by Bailey Shrewsbury, Ball State University

In the Digital Literature Review class, we have studied many different aspects of post-apocalyptic literature, including the way gender is depicted in post-apocalyptic media. Time and time again, we saw women being forced back into patriarchal roles after catastrophic events, and this idea was seldom challenged on the page by the authors we read. I wanted to shed more light on stories that empowered women and challenged the idea that women are only in stories for reproduction and men’s pleasure by interviewing Kristen Simmons. Kristen is an award winning Young Adult author who lives in Cincinnati, Ohio. Simmons has written 6 books with another coming out this fall. Her book,“The Glass Arrow,” is a story about Aya, a girl on the run from the men who hunt women to sell them at auction. It’s a story of one girl’s courage to stand up for herself and what’s right.

Kristen will be giving a talk and a reading from “The Glass Arrow” on January 24 at 7:30 pm in the Student Center Ballroom. I hope you can join us to participate in this important discussion.

What inspired you to write this book? What sources did you draw inspiration from?

I had many inspirations for this book, including Margaret Atwood’s The Handmaid’s Tale, and my own experiences as a woman. Writing has always been a way of processing events in my life, and so the beginnings of Glass Arrow are rooted in my childhood, and my transformation to teenage life, when I quickly realized the beliefs that I could do anything would be stunted by a glass ceiling, and a societal shift of values. Girls are often given the message that worth is defined by physical beauty, and how others perceive them. I wanted to write about that world, and about a girl trying to break out of it.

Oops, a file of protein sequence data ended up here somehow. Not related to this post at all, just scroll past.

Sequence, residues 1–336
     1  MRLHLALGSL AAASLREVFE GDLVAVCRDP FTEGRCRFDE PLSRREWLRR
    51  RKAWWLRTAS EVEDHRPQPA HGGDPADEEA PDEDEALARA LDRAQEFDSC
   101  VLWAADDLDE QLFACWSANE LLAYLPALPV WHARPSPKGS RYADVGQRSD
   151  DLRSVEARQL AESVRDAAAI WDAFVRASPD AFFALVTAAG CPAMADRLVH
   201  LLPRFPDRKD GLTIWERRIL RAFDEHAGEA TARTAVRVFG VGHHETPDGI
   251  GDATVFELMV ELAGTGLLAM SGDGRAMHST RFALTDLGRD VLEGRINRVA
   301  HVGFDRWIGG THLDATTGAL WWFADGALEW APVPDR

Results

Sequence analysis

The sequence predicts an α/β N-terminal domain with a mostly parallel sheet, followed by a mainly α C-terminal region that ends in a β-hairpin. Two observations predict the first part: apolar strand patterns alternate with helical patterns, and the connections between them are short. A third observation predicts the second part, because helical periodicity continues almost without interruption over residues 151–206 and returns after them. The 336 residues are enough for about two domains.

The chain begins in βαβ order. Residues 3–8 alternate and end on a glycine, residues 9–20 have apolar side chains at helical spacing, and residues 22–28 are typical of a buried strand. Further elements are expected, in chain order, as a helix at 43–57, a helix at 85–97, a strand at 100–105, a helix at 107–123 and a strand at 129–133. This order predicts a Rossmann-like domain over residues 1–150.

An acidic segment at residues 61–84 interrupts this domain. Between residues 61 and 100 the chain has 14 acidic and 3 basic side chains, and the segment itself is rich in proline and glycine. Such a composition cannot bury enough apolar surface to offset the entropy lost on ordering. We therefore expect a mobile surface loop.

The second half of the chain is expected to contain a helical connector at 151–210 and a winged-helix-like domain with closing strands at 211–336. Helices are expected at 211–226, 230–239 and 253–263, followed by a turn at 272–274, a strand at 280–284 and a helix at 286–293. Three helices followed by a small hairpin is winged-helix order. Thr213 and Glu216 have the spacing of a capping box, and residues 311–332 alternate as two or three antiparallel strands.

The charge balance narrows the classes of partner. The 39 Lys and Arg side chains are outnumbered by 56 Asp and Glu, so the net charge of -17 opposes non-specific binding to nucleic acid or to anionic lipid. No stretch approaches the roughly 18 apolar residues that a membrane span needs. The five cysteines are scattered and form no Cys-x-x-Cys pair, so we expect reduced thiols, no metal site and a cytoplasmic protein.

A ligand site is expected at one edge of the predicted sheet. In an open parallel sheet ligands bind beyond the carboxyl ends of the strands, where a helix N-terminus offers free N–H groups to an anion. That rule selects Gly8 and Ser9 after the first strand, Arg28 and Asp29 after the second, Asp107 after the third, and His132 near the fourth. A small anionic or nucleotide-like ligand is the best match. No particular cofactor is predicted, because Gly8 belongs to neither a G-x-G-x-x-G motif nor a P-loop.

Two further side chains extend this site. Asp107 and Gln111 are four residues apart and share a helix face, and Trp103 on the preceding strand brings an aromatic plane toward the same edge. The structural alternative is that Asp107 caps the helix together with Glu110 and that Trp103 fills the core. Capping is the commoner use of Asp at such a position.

Why do you think there is trend in our media towards post-apocalyptic/dystopian themes and worlds?

I think there are many writers, like me, who see dystopia as a way of examining current events. I never feel like I’m writing about the future–I feel like I’m writing an altered view of the present. Misogyny is not a concept defined by time; the media is reporting on this kind of oppression every day.

Did Aya (or other characters) ever direct you to a different direction in the story then you had planned?

Oh yes! Without giving away too many spoilers, there was definitely one scene in the book I did not expect at all. I bawled when I wrote it.

Why did you base this story on women and reproductive rights?

Because I believe this is a current issue we’re still facing. If we don’t keep talking about it and challenging the existing constraints of our society, we’re going to find ourselves stuck, or reverting. We all need to make our voices heard. The Glass Arrow is how I’m sharing my story, and my feelings on the issue.

Why did you decide to write in the young adult genre and not something else?

Writing to a young adult audience has never been a deliberate decision of mine. I always write the story in my head, and it often ends up that those characters are in their teen years, a time when people first experience true independence. My stories always seem to gravitate toward characters forced to make decisions they’ve never had to contemplate before–they’re young on the page, but hopefully feel relatable to any age reader.

Why did you pick post-apocalyptic literature as the backdrop for the setting of this novel?

I see a post-apocalyptic setting not as a future possibility, but my own processing of the present. Dystopia is the lens through which I view the world now, as is. We all process experiences in different ways, but when I think of many of the things we are facing today, I see a world in disarray, and fierce, tenacious survivors carving their way through it.

Can you tell us a little bit about your new book?

I’m so thrilled to say that Pacifica, my next book, will be out on March 6th. It’s about a pirate girl, and the son of the president, thrown together to search for their missing friend in a trash-filled world after the last of the polar ice caps have melted. Due to the environmental impact, there is tremendous strain among the people in this story–a dynamic inspired by my grandmother’s stories from her internment in a Japanese internment camp during WWII. Because of that, this book is very personal. I hope people enjoy reading it!